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    For decades systemic inequalities in advanced placement courses in education have been a continued driving force to reduce opportunities for African American males compared to other ethnicities. This research provides a statistical analysis of the Gifted Gap in school districts within the United States serving an expanding metropolitan region with limited educational opportunities to grow due to gender, racial, and socioeconomic disproportions. The purpose of this quantitative non-experimental study was to investigate the differences between African American male students compared to other ethnic male students, which may pose a Gifted Gap due to racial and gender factors in gifted and advanced school programs. Two separate archival datasets were obtained through the US Department of Education. To answer the three research questions, a series of independent samples t-tests, ANOVAs, and chi-squared tests was conducted on each of the two datasets

    Race, Racisim, and the Representation of Niger-Congo West African Grammar in African American language :Ebonics in Works by Paul Laurence Dunbar, Mark Twain, and Zora Neal Hurston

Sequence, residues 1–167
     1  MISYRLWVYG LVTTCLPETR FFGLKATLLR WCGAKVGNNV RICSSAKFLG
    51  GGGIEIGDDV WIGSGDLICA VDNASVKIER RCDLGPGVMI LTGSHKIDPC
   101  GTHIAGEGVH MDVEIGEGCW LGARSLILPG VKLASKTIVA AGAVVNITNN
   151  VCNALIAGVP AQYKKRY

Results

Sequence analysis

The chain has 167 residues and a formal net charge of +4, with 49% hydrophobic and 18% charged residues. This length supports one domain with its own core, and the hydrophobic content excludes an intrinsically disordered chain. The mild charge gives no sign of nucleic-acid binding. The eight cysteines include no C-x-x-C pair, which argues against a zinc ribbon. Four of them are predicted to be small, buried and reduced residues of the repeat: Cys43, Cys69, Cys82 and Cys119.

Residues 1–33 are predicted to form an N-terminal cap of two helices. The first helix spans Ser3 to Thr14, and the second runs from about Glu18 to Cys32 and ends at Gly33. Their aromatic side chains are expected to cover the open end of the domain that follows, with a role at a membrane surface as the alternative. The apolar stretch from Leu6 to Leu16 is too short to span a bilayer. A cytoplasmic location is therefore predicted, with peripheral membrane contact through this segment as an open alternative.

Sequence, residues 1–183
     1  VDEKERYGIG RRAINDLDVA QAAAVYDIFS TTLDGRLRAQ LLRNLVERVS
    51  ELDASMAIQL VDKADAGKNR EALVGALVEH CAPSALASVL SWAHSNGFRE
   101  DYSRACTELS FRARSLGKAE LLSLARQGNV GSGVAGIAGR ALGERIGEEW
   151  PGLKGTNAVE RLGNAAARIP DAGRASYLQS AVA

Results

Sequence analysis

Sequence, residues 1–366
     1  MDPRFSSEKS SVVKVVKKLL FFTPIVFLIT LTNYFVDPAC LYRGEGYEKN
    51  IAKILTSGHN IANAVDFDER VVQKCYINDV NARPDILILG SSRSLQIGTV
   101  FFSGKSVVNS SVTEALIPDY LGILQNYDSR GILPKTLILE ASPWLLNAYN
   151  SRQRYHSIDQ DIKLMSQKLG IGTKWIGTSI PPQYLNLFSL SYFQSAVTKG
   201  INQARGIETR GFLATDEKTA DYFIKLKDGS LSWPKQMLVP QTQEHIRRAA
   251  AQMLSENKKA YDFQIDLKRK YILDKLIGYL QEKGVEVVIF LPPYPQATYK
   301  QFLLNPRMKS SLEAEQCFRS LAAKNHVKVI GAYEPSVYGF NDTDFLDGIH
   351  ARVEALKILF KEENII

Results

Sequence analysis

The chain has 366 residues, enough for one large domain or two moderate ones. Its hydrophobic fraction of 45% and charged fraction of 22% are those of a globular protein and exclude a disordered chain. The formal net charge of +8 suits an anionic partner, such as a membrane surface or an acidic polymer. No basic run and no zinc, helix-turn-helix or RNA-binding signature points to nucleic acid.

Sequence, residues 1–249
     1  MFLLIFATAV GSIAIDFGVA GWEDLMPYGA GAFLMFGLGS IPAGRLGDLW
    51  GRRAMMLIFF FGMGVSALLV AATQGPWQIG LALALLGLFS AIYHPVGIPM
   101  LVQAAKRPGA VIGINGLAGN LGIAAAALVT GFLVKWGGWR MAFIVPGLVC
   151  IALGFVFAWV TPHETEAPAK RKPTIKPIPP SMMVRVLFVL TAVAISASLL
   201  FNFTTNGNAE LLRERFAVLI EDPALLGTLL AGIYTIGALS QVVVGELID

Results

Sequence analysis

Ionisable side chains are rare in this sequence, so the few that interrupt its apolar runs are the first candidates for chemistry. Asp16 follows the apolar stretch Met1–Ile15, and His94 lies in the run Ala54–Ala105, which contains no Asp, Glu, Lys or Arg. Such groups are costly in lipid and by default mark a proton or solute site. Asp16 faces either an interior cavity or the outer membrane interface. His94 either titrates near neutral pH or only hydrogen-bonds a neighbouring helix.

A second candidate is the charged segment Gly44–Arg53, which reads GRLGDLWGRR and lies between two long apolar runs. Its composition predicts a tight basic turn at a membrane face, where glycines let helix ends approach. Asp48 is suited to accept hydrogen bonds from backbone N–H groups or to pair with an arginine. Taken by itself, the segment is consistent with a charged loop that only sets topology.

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    An analysis of selected works written in African American Language (AAL): Ebonics by Paul Laurence Dunbar, Mark Twain, and Zora Neale Hurston in historical, national American literature are used to document “Race, Racism, and the Representation of Niger-Congo West African Grammar in AAL: Ebonics. This study provides an overview of the Enlightenment period by Dr. Henry Louis Gates, Jr. which proved how world-renowned Euro-American meta-physicists justified slavery and colonization based on unsubstantiated science and religious beliefs. Further, Gates used his research to dispute the outlandish and biased historical documentation provided by some European scholars who claimed that Africans were animals and could not speak languages. During the last 50 years, renown linguist, Dr. Ernie A. Smith has provided research which has proven that slave authors could always speak languages. Evidence has demonstrated that AAs can learn to read and write languages comparable to Caucasians and all other human beings. In this study, Smith has presented a comparative analysis of Niger- Congo grammar with AAL: Ebonics’ grammar which validated that AAL: Ebonics is a continuation of the Niger-Congo grammar structure. Paul Laurence Dunbar, Mark Twain, and Zora Neal Hurston learned to speak fluently in English and “plantation talk”. In fact, when Dunbar and Joel Chandler Harris’s work in Ebonics was looked at diachronically and synchronically, it was proven that both men spoke Ebonics using the same rule-governed language. Mark Twain wrote a novel which proved that language develops through nurture vs. nature. Twain demonstrated how a slave protagonist and the slave owner’s baby learned to speak each other’s home language when the slave protagonist switched her slave son for the plantation owner’s son. In Their Eyes Were Watching God, Hurston built the first all-AA township to demonstrate how AAL: Ebonics was maintained through social isolation for 20 years. In summary, Dunbar, Twain, and Hurston documented AA history through literature. They were able to support the work of great scholars, such as, Gates, Smith and others by writing realistic stories experienced by African Americans by racist groups, such as, Jim Crow and minstrelsy who were the primary culprits of “race and racism.